TEHRAN. Iranian pastor Youcef Nadarkhani who faces execution for refusing to abandon his faith in Christ and embrace Islam was still alive Thursday, March 29.
“Though we received word that his execution could be imminent, neither he nor his attorneys have received a written verdict or execution order,” said Jason DeMars, director of advocacy group Present Truth Ministries, who closely follows the case.
The 34-year-old pastor, a leader of one of Iran’s largest evangelical house church movements, was sentenced to death by the local court in his home town of Rasht.
After an Appeals Court asked it to again investigate the case, the court eventually asked Supreme Leader Ayatollah Ali Khameini to give his opinion.
But with international pressure mounting on Iran to release the pastor, there “has still been no response from the Ayatollah to the [court’s] letter” sent October 10, last year, De Mars explained.
Local officials indicated in December however that they could release the pastor if he agreed to make a statement saying Islam’s Prophet Mohammed was “a messenger sent by God” Christians with close knowledge about the situation said earlier.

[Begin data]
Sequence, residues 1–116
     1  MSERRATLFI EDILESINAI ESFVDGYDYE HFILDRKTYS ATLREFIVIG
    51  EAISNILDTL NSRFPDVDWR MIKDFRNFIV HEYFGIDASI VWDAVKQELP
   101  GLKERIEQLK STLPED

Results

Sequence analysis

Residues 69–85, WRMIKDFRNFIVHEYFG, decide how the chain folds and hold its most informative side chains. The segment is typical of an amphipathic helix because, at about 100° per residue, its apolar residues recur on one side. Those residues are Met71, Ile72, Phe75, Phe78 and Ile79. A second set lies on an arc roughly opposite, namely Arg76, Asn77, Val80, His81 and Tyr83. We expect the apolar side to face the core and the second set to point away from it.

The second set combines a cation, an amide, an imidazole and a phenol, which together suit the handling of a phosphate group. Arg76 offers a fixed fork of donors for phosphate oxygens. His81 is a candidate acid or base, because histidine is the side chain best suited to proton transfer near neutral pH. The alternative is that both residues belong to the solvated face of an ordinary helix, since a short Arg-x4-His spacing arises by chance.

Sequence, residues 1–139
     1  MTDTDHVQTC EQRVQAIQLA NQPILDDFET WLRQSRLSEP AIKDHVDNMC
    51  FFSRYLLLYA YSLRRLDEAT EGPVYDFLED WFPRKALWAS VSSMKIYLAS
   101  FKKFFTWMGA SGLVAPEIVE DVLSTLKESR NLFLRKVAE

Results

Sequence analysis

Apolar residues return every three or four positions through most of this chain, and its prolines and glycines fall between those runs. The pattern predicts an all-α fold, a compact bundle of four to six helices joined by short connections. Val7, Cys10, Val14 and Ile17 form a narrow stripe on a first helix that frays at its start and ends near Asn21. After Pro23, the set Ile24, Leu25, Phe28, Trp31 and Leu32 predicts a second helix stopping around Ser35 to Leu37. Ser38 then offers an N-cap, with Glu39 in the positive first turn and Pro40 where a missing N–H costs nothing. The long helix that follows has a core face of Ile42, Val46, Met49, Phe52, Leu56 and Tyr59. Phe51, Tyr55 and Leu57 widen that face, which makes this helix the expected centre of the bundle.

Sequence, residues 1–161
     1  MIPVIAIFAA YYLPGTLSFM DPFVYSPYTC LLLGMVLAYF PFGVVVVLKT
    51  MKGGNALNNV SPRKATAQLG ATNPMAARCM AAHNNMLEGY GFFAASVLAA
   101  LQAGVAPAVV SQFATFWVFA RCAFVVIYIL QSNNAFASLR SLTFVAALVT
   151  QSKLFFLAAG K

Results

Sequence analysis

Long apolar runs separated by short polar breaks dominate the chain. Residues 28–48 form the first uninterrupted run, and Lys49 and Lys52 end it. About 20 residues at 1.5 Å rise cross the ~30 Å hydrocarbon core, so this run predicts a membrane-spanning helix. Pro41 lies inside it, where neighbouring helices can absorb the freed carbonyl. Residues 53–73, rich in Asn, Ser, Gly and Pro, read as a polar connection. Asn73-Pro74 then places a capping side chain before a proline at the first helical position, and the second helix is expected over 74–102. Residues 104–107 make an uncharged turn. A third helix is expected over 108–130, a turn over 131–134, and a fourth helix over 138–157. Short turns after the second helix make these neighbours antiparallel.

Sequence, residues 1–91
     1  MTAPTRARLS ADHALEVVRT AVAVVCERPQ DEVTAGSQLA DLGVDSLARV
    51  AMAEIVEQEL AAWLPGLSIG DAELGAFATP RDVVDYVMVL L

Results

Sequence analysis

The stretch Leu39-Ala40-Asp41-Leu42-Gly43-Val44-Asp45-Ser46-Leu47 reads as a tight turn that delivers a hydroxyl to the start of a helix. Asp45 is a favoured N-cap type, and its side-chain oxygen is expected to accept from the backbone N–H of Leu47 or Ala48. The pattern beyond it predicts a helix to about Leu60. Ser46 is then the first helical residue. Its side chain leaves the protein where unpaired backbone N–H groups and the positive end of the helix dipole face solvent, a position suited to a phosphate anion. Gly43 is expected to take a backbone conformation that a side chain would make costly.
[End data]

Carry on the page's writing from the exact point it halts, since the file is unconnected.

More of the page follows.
Pastor Nadarkhani reportedly refused to do so saying the statement would “amount to abandoning his faith in Jesus Christ.”
DeNars said his group has asked Christians around the world to “continue to pray for him, his family, and his church” and to “spread the word” on internet service such as Twitter or website Facebook, at churches and local communities.
Pastor Nadarkhani, who is married with two children, has been detained since 2009 when he was captured in Rasht to register his house congregation, which is part of the Church of Iran movement.
The regional Gilan Court sentenced Nadarkhani to death in November 2010 on charges of “apostasy”, or abandoning Islam.
His appeal against that ruling was rejected in 2011 with the Supreme Court saying “he can be executed” though it asked for a “re-examination” by the same court that already sentenced him to death.
Despite the reported difficulties there may be at least as many as 100,000 devoted evangelical Christians in Iran, many of them former Muslims, according to mission groups.
Iranian government officials have denied wrongdoing and accused Pastor Nadarkhani of being “a criminal” and “Zionist.” (BosNewLife)